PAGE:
Now’s the time to plant out young sweet corn plants before they start to get pot-bound. Photograph: Richard Johnston

Fionnuala Fallon’s tips for this week’s tasks

Bring the garden into the kitchen by making an ice-bowl in which to serve chilled food. Photograph: Richard Johnston

Gardens are abundant and full of promise of long, hot days to come

 Protect brassicas against the cabbage white butterfly, whose caterpillar is pictured. Photograph: Richard Johnston

Fionnuala’s tips for this week’s tasks

Keep weeds in check with an oscillating hoe, favourite of many professional gardeners. Photograph: Richard Johnston

With some weeds producing thousands of seeds per plant, it’s hard work to get rid of them. Try managing them instead

Photograph: Getty images

Ireland is home to 19 species of ladybirds

Facing South: The Talbot Collection at Malahide, by Paul Foley. Photograph: Richard Johnston

Small, mysterious pools, rusted metal sculptures and colourful, peppery-scented lupins are the stars of this weekend’s Bloom event(...)

Sow seeds of Florence fennel into modular trays. Photographs: Richard Johnston

Fionnuala’s tips for this week’s tasks

Connie Danaher, Killimer, Co Clare and Mary Lumbroso, Nenagh, Co.Tipperary at the opening day of Bloom Graden Festival, in the Phoenix Park, Dublin.

Up to 115,000 people are expected to visit exhibition

 Emma Laura Skelton enjoying the “You’ll Talk - I’ll Listen” show garden at the Bloom show. The garden is sponsored by the  Samaritans. Photograph: Nick Bradshaw

This year’s five-day festival features 30 show gardens and 50 nurseries

Mud Island Community Garden members taking part in the Bloom Fringe Festival, front (l. to r.): Eileen McDonald, Maeve Foreman and Cody Redmond. Back (l. to r.): Sarah Hannigan, Fionnuala Halpin, Dermot Byrne, John Hannigan, Paul Redmond and Bernie Furlong. Photographs: Aidan Crawley

The annual gardening festival returns to the Phoenix Park next week, and this year the younger, edgier Bloom Fringe will take the (...)

 Spray roses to protect them from blackspot, mildew and aphids. Photograph: Richard Johnston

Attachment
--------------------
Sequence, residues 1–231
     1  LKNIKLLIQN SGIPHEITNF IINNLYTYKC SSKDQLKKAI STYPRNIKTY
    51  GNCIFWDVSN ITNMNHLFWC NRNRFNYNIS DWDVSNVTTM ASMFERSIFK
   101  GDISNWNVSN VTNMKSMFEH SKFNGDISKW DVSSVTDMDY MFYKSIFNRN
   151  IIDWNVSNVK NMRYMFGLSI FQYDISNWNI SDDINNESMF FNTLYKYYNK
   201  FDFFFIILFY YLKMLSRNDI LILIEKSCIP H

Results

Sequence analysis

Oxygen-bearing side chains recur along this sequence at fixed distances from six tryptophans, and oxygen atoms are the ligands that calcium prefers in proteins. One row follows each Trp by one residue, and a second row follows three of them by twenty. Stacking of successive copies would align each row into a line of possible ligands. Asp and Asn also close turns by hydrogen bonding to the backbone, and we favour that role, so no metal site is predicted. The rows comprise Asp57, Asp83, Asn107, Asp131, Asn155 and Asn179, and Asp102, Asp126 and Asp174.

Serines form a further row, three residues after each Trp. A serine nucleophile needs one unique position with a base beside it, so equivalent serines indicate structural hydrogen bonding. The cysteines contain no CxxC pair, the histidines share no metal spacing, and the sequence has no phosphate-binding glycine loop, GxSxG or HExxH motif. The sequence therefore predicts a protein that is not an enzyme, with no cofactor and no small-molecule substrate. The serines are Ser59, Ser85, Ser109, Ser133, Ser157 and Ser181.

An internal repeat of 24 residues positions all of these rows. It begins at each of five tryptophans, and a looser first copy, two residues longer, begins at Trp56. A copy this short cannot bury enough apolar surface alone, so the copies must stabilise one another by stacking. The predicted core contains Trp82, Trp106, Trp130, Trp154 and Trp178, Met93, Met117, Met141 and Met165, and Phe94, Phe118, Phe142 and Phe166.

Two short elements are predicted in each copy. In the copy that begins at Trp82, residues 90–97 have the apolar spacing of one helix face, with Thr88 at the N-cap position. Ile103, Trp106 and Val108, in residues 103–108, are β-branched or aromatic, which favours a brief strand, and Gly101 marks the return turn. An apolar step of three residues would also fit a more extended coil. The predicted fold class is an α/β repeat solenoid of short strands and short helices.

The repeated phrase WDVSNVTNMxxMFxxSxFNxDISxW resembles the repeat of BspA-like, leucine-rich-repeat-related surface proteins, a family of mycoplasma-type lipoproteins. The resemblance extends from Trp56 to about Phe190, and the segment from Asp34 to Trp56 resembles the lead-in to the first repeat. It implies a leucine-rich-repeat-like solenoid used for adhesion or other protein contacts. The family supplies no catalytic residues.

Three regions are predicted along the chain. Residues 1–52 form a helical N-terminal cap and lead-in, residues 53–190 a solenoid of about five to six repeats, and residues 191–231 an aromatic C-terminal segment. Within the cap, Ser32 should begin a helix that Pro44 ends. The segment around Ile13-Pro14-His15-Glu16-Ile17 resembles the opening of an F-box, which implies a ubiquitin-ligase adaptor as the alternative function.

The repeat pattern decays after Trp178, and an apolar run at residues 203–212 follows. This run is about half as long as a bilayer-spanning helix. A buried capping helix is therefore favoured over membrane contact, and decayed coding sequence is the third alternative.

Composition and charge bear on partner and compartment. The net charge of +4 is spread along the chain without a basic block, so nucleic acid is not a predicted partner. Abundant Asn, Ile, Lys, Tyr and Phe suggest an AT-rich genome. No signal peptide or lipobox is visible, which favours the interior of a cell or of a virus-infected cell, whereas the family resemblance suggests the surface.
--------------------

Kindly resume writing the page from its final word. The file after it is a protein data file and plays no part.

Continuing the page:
Fionnuala Fallon’s tips for this week’s tasks

 Luciano Giubbilei’s Best in Show at the  RHS Chelsea Flower Show 2014. Photograph: Richard Johnston

The annual RHS Chelsea Flower Show once again brought inspiration among its medal-winners but also pastiche disappointments

Visitors admire the the plants on display in The Great Pavilion at the RHS Chelsea Flower Show. Photograph: Matt Cardy/Getty Images

Hugo Bugg (27) becomes youngest ever to take gold for contemporary raingarden

A stall holder attaches an eye to a figure on his display of edible leaves such as cabbages and lettuce at the Chelsea Flower Show in London today. Photograph: Reuters

Bórd na Mona sponsoring a show garden designed to raise awareness of light pollution

Champion sweet pea grower and allotment expert John Warren. Photograph: Richard Johnston

How is the gardener to get everything sown, planted and trained in the busy month of May?

Move young tomato plants out into the glasshouse. Photograph: Richard Johnston

Fionnuala Fallon’s tips for this week’s tasks

Salad days

One of the many lovely specimens on the Russborough estate. Photograph: Richard Johnston

The long forgotten rhododendron corner on the 200-acre estate in Wicklow is being restored to its former glory

 Sow seeds of colourful, unusual cut-and-come-again salad leaves this week

Fionnuala Fallon’s tips for this week’s tasks

Anthea Howbert of Howbert & Mays garden centre in Monkstown, Co Dublin. Photograph: Richard Johnson

A pint-sized garden centre sells the things gardeners really want

’Growing your own’ & 'fabulous colour and scent'

Tulips growing in dustbins

Learn how to best grow and cultivate these exquisite spring flowers

  A Cabbage White butterfly feeding from oregano flowers. Photograph: Richard Johnston
Flying visitors

We can all help reverse the sad decline of butterflies by turning our gardens into havens for these beautiful insects


Tulip themed events around Ireland

Lines of chives growing in the walled Victorian kitchen garden at Ashtown in the Phoenix Park. Photograph: Richard Johnston